Bray v. Quarterman, 265 F.App’x 296, 298 (5th Cir. 2008) (citing US v. Cockrell, 720 F.2d 1423 (5th Cir.
Green, 160 F.3d at 1042.
that to prevail on an ineffective assistance of counsel claim for uncalled witnesses, a petitioner
must name the witnesses, prove that the witnesses would have been able to testify if called,
describe the content of the witnesses’ testimony, and demonstrate that the witnesses’ testimony
would have been favorable to a specific defense.101 This showing is required for both “uncalled
lay and expert witnesses alike.”102
In Day v. Quarterman, the petitioner presented an affidavit from an uncalled expert witness
that rebutted much of the medical expert testimony presented at trial.103 However, the affidavit did
not state that the uncalled witness “was available to testify at trial, that he would have done so, or
that he would have testified in accord with the opinions and conclusions he states in his
affidavit.”104 Therefore, the Fifth Circuit concluded that the petitioner had not shown that he was
prejudiced by his counsel’s failure to call the expert at trial.105 Furthermore, in Hooks v. Thaler,
the petitioner claimed that his trial counsel was ineffective for failing to call an expert witness.106
However, the petitioner did not present any evidence to support his assertion that the witness was
able or willing to testify at trial.107 The Fifth Circuit held that in the absence of such evidence, the
petitioner could not establish prejudice under Strickland.108
Day v. Quarterman, 566 F.3d 527, 538 (5th Cir. 2009).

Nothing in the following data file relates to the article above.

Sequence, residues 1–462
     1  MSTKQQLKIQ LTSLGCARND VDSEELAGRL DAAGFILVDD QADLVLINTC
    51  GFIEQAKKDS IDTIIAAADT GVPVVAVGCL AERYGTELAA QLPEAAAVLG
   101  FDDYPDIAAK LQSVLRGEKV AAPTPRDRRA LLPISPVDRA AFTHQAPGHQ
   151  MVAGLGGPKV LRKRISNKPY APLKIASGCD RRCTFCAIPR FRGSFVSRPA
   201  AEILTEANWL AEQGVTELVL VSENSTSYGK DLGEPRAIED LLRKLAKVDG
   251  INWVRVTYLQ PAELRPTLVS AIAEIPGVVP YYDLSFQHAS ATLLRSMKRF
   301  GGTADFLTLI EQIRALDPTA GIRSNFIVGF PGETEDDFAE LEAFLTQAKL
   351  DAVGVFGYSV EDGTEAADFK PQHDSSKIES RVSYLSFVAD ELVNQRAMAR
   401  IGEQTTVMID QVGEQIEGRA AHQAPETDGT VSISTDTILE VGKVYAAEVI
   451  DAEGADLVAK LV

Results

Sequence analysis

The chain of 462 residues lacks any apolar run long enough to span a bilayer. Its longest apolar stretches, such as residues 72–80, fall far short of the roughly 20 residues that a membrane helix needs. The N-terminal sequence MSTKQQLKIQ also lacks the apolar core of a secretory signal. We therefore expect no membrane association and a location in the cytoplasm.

Id. at 538–35.
394 F. App’x 79, 83 (5th Cir. 2010).
Here, Petitioner claims that Ralph Lomax and Charlie Brown would have testified that
there was no police chase before his arrest, that the police officers found nothing on him when he
was searched, and that the officers discovered the bag of drugs in question several steps away from
Petitioner.109 Petitioner also claims that his mother and aunt should have been called to testify
about how they were able to locate him at the time of his arrest and that there was no police chase
prior to his arrest.110 Petitioner’s claims are unsupported as he presents no affidavits or other
evidence demonstrating that these witnesses were available to testify, that they would have
testified if called, or the content of their testimony if called. Petitioner merely makes the conclusory
statement that their hypothetical testimony rendered it reasonably probable that the outcome of the
trial would have been different. Therefore, Petitioner’s claim that his trial counsel was deficient
for failing to call witnesses is conclusory, and fails to establish that these witnesses were actually
available and willing to testify at his trial. Accordingly, the state court’s denial of relief on
Petitioner’s ineffective assistance of trial counsel claim was not contrary to or an unreasonable
application of Supreme Court law.
For the reasons stated above, the Court finds Petitioner has not established that the
prosecutor’s comment violated his Fifth Amendment rights. Moreover, Petitioner has not shown
that the state court’s denial of relief on his ineffective assistance of counsel claims was contrary to
or an unreasonable application of federal law. Accordingly,
IT IS HEREBY ORDERED that Petitioner’s objections are OVERRULED;
Rec. Doc. 3 at 10–11.
Id. at 11–12.
IT IS FURTHER ORDERED that the Court ADOPTS the Magistrate Judge’s
recommendation and Petitioner Charlie Holmes’s petition for issuance for a writ of habeas corpus
pursuant to 28 U.S.C. § 2254 is DENIED and DISMISSED WITH PREJUDICE.
NEW ORLEANS, LOUISIANA, this 11th day of August, 2017.
NANNETTE JOLIVETTE BROWN
UNITED STATES DISTRICT JUDGE